Mitt Romney's wealth in spotlight again after tax probe

New evidence of Republican candidate's low payments follows poor TV ratings

The source of Mitt Romney's personal wealth continues to generate awkward headlines after it emerged that regulators have subpoenaed Bain Capital, the private equity firm he once headed, during an investigation into its tax arrangements.

New York's Attorney General, Eric Schneiderman, is seeking internal documents that will establish whether Bain – along with 11 other firms – has been forgoing management fees in favour of investments in the funds which they manage. Investments are taxed at a far lower rate than ordinary income.

The practice falls into a legal grey area. Some lawyers consider it an aggressive but legitimate means of tax avoidance; others believe it strays beyond the bounds of legality. Bain Capital is believed to have used it to avoid paying around $220m (£138m) in taxes, according to The New York Times, which broke news of the subpoena at the weekend.

Mr Romney left Bain over a decade ago, but continues to profit handsomely from his ties to the firm, and in the past two years earned roughly $13m from his share of its profits. A spokesman yesterday insisted the tax strategy at the centre of Mr Schniederman's probe is "a totally legal practice".

Mr Romney's financial arrangements have been an electoral talking point for months. The Republican candidate, believed to be worth upwards of $250m, continues to ignore calls to follow the protocol followed by almost every modern predecessor by releasing up to a decade's worth of his federal tax returns.

Instead, his campaign has published information relating to just the past two years. It reveals Mr Romney has a Swiss bank account, squirrels some of his fortune away in such tax havens as the Cayman Islands, and last year paid 15 per cent tax, roughly half the rate of a middle-class American.

Democrats have used the issue to vilify the Republican, portraying him as a predatory capitalist whose wealth puts him out of touch with ordinary voters. They have speculated that in recent years the multimillionaire may have paid almost no income tax.

Mr Schniederman's subpoena, which was filed in July, gives further legs to that narrative. Critics, who point out that the Attorney General is a Democrat, have argued that the entire investigation is politically motivated.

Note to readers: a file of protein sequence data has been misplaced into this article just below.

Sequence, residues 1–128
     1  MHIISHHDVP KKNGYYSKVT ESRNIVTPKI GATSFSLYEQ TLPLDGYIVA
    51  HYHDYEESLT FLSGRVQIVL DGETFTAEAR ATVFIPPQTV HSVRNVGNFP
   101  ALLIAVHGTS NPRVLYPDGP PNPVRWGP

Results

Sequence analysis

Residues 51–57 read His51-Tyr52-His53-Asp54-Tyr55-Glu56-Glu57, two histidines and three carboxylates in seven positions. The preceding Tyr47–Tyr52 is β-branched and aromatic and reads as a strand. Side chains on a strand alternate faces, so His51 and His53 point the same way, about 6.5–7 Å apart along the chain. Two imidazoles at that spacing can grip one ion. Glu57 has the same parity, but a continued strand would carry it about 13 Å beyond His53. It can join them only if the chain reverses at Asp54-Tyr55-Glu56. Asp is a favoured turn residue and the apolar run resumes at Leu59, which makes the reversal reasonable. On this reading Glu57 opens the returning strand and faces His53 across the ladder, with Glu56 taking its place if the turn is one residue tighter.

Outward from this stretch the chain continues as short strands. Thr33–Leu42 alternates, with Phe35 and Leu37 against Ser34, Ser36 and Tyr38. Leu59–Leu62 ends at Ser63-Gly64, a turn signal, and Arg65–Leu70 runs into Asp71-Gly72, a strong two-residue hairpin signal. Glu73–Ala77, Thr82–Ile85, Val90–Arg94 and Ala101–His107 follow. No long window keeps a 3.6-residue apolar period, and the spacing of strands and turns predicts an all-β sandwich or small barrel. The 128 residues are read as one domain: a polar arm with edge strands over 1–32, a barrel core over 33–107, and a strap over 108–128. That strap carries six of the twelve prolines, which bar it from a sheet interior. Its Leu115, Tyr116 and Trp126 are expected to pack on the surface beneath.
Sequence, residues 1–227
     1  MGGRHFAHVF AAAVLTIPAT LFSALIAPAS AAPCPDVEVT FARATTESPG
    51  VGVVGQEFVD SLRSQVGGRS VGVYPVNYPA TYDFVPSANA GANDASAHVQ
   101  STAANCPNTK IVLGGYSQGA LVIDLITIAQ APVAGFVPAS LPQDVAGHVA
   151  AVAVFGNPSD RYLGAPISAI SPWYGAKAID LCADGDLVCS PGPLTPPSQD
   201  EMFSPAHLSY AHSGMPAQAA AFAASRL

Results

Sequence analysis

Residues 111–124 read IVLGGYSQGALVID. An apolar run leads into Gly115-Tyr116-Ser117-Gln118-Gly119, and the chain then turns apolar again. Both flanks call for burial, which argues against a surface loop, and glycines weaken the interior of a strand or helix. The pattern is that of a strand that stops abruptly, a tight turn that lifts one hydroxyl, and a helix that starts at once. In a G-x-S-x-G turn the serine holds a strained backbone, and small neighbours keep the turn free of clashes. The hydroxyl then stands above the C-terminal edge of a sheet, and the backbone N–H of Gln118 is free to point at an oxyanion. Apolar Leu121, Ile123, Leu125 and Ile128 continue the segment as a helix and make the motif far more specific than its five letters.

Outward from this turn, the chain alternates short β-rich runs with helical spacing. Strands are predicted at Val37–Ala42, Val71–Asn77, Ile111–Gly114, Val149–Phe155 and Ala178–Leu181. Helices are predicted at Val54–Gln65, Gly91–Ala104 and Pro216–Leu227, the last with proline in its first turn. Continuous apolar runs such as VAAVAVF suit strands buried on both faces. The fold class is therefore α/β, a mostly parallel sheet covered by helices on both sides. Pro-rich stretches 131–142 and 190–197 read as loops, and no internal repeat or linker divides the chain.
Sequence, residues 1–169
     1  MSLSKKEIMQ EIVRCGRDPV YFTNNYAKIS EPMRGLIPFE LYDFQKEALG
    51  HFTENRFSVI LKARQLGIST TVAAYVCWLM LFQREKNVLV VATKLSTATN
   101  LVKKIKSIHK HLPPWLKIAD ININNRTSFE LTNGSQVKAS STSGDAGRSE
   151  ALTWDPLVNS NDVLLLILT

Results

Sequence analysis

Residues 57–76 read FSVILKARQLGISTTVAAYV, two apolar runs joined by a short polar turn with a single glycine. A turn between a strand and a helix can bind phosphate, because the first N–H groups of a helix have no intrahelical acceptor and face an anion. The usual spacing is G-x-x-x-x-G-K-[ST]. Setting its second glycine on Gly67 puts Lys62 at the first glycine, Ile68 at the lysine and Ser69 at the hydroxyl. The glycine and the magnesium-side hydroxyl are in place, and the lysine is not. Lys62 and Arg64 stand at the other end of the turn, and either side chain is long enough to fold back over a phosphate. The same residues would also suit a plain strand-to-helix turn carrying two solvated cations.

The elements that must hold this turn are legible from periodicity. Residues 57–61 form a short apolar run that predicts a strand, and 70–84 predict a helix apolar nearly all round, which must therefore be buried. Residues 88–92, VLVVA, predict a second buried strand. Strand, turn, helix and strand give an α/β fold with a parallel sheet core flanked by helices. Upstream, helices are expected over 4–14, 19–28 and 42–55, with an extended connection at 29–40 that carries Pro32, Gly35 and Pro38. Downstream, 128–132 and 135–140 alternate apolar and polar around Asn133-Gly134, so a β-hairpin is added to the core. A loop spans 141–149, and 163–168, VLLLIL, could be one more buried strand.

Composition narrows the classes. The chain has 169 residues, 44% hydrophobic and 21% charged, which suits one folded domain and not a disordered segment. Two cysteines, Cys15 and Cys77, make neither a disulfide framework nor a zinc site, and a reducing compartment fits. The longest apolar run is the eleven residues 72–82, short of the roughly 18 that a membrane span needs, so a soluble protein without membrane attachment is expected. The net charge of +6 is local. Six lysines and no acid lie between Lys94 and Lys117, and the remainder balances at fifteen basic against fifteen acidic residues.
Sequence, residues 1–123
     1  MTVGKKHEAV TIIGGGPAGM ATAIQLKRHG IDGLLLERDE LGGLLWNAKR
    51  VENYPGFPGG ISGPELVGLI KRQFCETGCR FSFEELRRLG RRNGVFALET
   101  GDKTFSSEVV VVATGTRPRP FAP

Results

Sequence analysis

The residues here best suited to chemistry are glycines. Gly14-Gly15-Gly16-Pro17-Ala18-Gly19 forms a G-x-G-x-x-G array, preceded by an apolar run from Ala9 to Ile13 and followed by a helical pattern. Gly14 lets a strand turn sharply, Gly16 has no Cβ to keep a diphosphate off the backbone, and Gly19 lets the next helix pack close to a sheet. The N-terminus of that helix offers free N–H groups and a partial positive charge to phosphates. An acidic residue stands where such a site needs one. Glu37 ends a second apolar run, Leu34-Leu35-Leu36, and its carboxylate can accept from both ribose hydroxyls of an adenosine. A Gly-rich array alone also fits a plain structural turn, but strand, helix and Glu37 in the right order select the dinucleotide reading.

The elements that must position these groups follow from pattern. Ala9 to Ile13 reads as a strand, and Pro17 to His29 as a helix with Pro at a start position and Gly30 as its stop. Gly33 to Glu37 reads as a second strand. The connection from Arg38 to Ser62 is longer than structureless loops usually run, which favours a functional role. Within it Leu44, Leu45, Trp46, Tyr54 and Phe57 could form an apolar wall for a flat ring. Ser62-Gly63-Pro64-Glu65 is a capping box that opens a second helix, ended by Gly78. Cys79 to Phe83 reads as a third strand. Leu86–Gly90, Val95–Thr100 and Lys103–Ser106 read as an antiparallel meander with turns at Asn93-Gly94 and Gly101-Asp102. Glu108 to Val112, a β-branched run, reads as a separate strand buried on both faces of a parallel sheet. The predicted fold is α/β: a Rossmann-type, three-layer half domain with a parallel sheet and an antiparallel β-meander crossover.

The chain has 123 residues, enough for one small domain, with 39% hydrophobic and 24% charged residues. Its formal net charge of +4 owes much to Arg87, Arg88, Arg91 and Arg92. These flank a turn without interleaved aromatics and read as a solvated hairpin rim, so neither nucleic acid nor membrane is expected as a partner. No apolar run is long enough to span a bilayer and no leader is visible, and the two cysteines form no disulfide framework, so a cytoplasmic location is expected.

There are nonetheless signs that negative attacks against Mr Romney are working. TV ratings for last week's Republican convention in Tampa were down 30 per cent from 2008, and early polls have put his post-convention "bounce" at between zero and four per cent, which is at the lower end of expectations.

Though Romney is believed to have performed competently, there is little sign that Tampa will result in a sea-change in this election. His speech accepting the Republican nomination was overshadowed by coverage of Clint Eastwood's bizarre appearance, in which he conducted a rambling conversation with an empty chair. Vice-presidential candidate Paul Ryan was meanwhile criticised by fact-checking organisations for a string of alleged inaccuracies in his speech.

On Saturday, the Republican ticket faced further embarrassment when Mr Ryan admitted that he "misspoke" in a recent interview, when he claimed to have completed a marathon in "two hours fifty-something". An investigation by Runner's World magazine had established that the candidate, a self-proclaimed fitness fanatic, had in fact only finished one marathon, in 1990. It took him more than four hours.

The mis-steps have delighted the Obama camp, which this week touches down in Charlotte, North Carolina, for the Democratic convention. However, the event also presents them with a pertinent challenge: after months of negative campaigning, they must outline a positive vision for their candidate's second term.

Highlights of the three-day event, which begins tomorrow, include a scheduled speech by Elizabeth Warren, the party's senatorial candidate in Massachusetts, who has been a stern critic of Wall Street excess, and an appearance by Bill Clinton.

What's brewing in the President's basement

When he puts his feet up at the end of another long, hard day, Barack Obama likes nothing better than to blow the top from a cold glass of home-made novelty beer.

The White House has released recipes for two home-brews to have come out of a micro-brewery which the President has established in his basement.

One is a light honey ale made from high-end hops imported from Kent and honey from the beehive on Obama's south lawn. The other, a Honey Porter, gets a darker, heavier texture from a dose of chocolate malt.

The recipes, along with a video showing the beer-making process, were revealed on the White House website after 25,000 people signed a petition asking to read them.

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